The Publishers Association of Liberia has followed with keen interest recent developments taking place in the country. These developments include the war of words between the Executive Mansion and the National Legislature, between a member of the House of Representatives and the Board Chair of the National Oil Company. Also, there is the General Auditing Commission saga, a situation occasioned by student demonstrations before the premises of the Commission.
These developments, particularly those between and amongst prominent state actors, have characteristically drawn support and dissent of various segments of the public, thus creating a conflagration that has impact on national harmony and unity.
More often than not, the media is the preferred conduit that protagonists in these kinds of verbal wars seek to amplify their aggressions or defenses. It is true that the world over, the media largely feed on conflict—on controversy—between and amongst contending forces. The Liberia media are no exception.
But we are not unaware that in this country, during moments of conflicts, actors in national discourses seek to draw and co-opt the media into alliance-ship against the other; they attempt to mislead the media with all kinds of machinations, using pseudo groups who issue tramped up press releases to support their cause and denigrate opponents.
In recent times, the Publishers Association of Liberia has seen the manifestations of these schemes, and we are resolved to expose and shame those who think they can abuse the media or use the media to foment hate and disorder in the country.
Today, member institutions of PAL have come together to announce and declare that gone are the days when politicians and unscrupulous civil society organizations and individuals used the media not only to settle scores with each other but also to create unnecessary tensions and strains on the country's already fragile peace and democracy.
In pursuit of that goal, the Publishers Association of Liberia has with immediate effect made the following declarations:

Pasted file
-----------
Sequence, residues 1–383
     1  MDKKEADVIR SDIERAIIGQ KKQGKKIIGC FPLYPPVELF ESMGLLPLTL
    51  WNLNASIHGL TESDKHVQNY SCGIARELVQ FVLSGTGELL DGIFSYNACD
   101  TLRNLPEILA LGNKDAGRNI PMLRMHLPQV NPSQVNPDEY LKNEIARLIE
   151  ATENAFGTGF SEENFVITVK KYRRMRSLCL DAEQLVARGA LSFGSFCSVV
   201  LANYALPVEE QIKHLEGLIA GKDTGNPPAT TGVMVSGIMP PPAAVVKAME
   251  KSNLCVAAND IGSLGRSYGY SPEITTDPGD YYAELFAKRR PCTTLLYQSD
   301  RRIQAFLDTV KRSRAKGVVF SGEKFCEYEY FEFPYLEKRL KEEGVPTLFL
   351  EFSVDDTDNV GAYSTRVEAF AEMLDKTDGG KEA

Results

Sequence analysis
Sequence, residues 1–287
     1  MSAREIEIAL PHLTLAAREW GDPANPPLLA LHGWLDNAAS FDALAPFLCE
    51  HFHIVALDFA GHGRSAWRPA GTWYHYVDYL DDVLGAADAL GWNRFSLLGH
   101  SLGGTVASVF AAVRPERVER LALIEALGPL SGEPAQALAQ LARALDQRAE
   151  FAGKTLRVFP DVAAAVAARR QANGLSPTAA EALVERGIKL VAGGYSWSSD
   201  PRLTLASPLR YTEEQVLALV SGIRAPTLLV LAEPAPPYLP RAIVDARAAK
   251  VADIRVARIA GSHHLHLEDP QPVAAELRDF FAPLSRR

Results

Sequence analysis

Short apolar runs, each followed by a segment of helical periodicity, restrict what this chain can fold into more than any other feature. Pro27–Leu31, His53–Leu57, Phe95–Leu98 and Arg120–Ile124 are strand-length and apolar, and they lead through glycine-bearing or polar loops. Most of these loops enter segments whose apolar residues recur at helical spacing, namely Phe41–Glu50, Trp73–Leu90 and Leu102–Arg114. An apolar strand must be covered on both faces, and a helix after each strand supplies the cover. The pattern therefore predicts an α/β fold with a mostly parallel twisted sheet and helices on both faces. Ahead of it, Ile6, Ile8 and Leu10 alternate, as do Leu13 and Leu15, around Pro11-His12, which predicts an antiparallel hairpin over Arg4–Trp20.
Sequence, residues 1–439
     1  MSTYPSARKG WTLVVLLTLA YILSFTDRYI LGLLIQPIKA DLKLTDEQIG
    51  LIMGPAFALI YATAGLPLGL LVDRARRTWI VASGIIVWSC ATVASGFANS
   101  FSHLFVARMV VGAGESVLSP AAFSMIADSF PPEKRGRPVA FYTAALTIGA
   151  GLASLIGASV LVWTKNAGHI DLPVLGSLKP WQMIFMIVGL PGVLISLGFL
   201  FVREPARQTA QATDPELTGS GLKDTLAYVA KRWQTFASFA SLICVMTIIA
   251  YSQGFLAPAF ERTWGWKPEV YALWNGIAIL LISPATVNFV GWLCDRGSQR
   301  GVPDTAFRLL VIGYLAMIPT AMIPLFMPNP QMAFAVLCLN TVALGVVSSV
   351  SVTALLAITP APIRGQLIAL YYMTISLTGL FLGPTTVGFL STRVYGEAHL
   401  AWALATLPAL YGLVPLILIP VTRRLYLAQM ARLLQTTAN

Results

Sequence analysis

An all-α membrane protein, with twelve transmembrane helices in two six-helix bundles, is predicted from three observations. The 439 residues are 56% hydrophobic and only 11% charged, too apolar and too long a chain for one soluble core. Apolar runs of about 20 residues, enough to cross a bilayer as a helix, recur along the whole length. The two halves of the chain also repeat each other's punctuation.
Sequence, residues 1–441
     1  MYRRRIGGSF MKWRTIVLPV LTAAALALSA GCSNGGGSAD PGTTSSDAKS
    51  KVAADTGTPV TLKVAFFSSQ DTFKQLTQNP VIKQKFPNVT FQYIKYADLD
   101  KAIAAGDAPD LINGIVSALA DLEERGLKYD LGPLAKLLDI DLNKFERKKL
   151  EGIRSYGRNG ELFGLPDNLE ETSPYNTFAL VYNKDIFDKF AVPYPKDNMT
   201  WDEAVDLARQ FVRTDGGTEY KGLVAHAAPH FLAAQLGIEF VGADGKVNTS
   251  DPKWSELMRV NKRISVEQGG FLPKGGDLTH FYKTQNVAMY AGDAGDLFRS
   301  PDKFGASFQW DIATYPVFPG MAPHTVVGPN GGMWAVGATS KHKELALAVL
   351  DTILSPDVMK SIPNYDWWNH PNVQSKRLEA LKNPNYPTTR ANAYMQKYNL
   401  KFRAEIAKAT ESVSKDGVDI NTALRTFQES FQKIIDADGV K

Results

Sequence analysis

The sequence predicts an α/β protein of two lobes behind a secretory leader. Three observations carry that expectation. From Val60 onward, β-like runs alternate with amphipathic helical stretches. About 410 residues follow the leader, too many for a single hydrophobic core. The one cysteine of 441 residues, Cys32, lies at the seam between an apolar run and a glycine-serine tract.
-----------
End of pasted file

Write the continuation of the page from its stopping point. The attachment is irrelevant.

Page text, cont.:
· Jointly issue periodic position statements to address any issue or development that impacts, or have the potential to impact, negatively on national stability, peace and harmony;
· Place media blackout on individuals and groups that make reckless and unsubstantiated statements intended to cause panic, public unrest and disharmony;
· Issue/publish joint editorials and commentaries denouncing violence, undemocratic tendencies and promoting national peace, harmony and stability; and
· Conduct routine internal investigations with possible sanctions on reportages of members that compromise professionalism and objectivity.
The aforementioned declarations are in acknowledgement of the fact that Liberia's peace and democracy are nascent and fragile and that the media can play a role that can either sustain the peace or backpedal the nation to conflict.
Thus, because members of PAL are Liberians, and more so because we are professional journalists, we are resolved to undertake a role that promotes democracy and peace rather than serve as anchors or propellers of disharmony and conflict.
As members of PAL, determined to see our country make progress as others around us are doing, we desire not to form partnership with individuals and organizations that engage into mudslinging and unconventional tactics of settling scores. The Association believes that the current trend of acrimonious exchanges amongst state actors should not be allowed to continue since Liberians deserve better. And PAL will not allow its members serve as launching pads.
We would however want to make it clear that our declared posture is no way a suggestion or guarantee that members of PAL will close their eyes and ears to critical reporting and analyses of national issues. Hope we are not making the impression that PAL members will be publishing news and information that pamper and cuddle newsmakers or that hide the truth. In fact, our declared positions are actually meant to strengthen our reportages that expose tyranny and bad governance.
What we are going to do is to scrupulously keep watch of the line between issues and developments that promote national harmony, stability and democracy on the one hand and issues and developments that tend to cause conflict and disharmony on the other.
James G. Kiazolu
SECRETARY GENERAL, PAL